Men are much more likely to be colourblind (iRochromatic) than women because the genes responsible for the most common, inherited colour blindness are on the X chromosome.
Colour Blind Genetic Inheritance
Here’s the technical stuff – Males only have one X chromosome, while females have two X chromosomes. In females, a functional gene on only one of the X chromosomes is enough to compensate for the loss on the other. This kind of inheritance pattern is called X-linked, and primarily affects males. Inherited colour blindness can be present at birth, begin in childhood, or not appear until the adult years.
How Color blind Genetics are Inherited?
In X-linked inheritance, the mother carries the mutated gene on one of her X chromosomes and will pass on the mutated gene to 50 per cent of her children.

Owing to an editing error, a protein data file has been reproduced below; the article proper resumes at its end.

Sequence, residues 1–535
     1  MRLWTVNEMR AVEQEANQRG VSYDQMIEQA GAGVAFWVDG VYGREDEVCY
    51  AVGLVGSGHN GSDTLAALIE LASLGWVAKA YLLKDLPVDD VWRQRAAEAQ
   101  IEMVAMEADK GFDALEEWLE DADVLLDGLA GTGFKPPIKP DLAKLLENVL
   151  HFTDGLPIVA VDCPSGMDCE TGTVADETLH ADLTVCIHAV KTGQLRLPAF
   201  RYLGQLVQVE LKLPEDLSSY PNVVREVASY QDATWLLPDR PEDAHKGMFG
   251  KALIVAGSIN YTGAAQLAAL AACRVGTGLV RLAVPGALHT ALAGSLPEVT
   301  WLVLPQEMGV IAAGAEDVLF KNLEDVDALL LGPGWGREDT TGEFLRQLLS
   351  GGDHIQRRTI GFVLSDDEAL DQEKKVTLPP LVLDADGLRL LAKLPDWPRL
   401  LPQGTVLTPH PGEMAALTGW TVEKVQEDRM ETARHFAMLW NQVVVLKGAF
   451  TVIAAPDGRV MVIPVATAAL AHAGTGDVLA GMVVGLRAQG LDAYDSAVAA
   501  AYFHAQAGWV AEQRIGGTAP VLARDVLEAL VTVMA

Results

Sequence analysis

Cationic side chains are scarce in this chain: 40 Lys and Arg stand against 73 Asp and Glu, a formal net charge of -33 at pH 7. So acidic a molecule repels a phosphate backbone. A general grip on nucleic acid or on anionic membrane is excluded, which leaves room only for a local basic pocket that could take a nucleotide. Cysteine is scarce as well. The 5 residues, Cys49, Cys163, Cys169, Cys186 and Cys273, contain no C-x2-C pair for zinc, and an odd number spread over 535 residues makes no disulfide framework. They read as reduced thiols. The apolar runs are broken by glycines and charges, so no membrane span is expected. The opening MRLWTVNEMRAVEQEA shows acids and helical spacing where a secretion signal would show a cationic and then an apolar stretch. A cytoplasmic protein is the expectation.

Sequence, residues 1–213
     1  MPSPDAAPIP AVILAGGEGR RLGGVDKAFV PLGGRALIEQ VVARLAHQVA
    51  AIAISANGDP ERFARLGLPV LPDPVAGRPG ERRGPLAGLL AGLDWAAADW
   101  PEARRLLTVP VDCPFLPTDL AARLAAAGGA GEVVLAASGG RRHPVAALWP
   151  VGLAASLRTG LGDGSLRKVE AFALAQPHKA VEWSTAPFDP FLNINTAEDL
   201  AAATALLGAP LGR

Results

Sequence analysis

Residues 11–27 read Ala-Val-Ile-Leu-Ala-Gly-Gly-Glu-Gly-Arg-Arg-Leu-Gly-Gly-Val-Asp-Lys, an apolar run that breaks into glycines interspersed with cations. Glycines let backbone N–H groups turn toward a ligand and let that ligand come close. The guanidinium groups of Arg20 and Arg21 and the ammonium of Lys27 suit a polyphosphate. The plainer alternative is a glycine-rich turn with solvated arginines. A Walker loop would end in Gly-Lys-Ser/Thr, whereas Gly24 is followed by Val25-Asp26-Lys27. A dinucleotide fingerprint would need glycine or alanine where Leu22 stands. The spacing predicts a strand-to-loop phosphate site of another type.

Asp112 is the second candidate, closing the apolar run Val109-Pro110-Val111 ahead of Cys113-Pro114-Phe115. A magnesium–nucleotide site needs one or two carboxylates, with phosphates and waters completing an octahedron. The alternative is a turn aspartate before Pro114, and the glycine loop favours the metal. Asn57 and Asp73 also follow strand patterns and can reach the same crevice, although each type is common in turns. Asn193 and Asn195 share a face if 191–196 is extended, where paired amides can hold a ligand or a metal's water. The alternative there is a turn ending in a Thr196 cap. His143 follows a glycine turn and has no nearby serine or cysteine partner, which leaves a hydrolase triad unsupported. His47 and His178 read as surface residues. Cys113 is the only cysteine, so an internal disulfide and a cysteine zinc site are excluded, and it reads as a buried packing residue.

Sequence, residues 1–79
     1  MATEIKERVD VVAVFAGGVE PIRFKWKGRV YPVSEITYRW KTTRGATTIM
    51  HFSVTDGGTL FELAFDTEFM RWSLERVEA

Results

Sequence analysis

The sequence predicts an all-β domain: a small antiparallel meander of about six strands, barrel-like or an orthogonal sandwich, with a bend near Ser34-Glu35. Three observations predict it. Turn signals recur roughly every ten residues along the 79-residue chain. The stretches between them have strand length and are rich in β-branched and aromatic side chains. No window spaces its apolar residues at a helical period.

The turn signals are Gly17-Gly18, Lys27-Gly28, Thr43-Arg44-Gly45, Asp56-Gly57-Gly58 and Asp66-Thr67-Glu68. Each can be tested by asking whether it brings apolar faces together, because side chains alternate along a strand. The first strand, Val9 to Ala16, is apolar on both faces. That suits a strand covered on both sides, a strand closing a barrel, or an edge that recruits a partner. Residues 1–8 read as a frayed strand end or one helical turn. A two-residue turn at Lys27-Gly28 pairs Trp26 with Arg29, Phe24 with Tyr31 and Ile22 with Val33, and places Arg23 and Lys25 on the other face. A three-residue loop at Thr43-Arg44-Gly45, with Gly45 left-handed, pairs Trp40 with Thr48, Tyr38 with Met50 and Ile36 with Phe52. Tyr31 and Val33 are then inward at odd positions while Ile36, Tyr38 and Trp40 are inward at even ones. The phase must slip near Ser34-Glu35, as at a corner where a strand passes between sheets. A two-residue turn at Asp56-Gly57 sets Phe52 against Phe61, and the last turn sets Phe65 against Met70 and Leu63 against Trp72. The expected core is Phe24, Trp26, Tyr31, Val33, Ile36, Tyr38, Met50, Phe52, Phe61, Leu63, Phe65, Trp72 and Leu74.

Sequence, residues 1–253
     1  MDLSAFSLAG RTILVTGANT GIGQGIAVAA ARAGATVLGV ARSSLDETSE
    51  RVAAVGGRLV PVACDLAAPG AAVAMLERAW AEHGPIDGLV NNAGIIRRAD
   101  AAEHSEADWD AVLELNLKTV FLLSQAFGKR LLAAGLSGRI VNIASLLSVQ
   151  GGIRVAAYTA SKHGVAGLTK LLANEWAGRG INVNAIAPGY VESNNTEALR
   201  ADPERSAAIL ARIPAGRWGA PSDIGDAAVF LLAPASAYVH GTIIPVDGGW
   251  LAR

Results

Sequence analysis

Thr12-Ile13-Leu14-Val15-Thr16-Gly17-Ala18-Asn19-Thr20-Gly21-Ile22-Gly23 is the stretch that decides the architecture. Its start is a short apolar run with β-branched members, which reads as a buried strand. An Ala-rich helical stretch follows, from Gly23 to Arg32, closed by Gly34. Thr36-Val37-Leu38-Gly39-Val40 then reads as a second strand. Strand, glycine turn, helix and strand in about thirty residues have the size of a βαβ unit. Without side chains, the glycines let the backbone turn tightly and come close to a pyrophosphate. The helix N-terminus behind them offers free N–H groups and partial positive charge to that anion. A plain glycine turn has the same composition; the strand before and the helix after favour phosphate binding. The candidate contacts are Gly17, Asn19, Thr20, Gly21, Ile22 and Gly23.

Because females have two X chromosomes, the effect of a mutation on one X chromosome is offset by the normal gene on the other X chromosome. In this case, the mother will not have the condition, but she can pass on the mutated gene and so is called a carrier. If a mother is a carrier of an X-linked condition, (and the father is not affected), there is a:
• 1 in 2 chance that a son will have the condition,
• 1 in 2 chance that a daughter will be a carrier of the condition,
• No chance that a daughter will have the v.
In autosomal recessive inheritance, it takes two copies of the mutant gene to give rise to the disease. An individual who has one copy of a recessive gene mutation is known as a carrier. When two carriers have a child, there is a:
• 1 in 4 chance of having a child with the condition,
• 1 in 2 chance of having a child who is a carrier,
• 1 in 4 chance of having a child who neither has the condition nor is a carrier.
In autosomal dominant inheritance, it takes just one copy of the mutant gene to bring about the condition, When an affected parent with one dominant gene mutation has a child, there is a 1 in 2 chance that a child will inherit the condition.